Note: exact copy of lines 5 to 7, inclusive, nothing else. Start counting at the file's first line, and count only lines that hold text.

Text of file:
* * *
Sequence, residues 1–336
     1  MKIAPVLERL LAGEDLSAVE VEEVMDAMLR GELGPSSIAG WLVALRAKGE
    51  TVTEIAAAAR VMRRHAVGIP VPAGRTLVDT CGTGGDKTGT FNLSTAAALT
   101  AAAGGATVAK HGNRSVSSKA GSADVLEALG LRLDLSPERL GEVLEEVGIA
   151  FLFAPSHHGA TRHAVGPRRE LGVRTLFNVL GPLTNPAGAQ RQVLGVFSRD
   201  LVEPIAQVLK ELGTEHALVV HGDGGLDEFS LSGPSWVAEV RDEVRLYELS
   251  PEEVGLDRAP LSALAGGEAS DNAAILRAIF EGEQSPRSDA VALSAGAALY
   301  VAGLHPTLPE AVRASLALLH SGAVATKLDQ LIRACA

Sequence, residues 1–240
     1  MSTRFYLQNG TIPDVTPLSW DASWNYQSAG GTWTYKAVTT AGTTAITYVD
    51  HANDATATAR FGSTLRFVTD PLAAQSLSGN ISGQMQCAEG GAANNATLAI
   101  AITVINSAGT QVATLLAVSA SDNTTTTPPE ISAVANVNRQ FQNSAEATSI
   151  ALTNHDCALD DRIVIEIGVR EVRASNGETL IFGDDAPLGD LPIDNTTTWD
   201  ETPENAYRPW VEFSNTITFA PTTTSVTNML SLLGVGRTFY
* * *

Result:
   151  FLFAPSHHGA TRHAVGPRRE LGVRTLFNVL GPLTNPAGAQ RQVLGVFSRD
   201  LVEPIAQVLK ELGTEHALVV HGDGGLDEFS LSGPSWVAEV RDEVRLYELS
   251  PEEVGLDRAP LSALAGGEAS DNAAILRAIF EGEQSPRSDA VALSAGAALY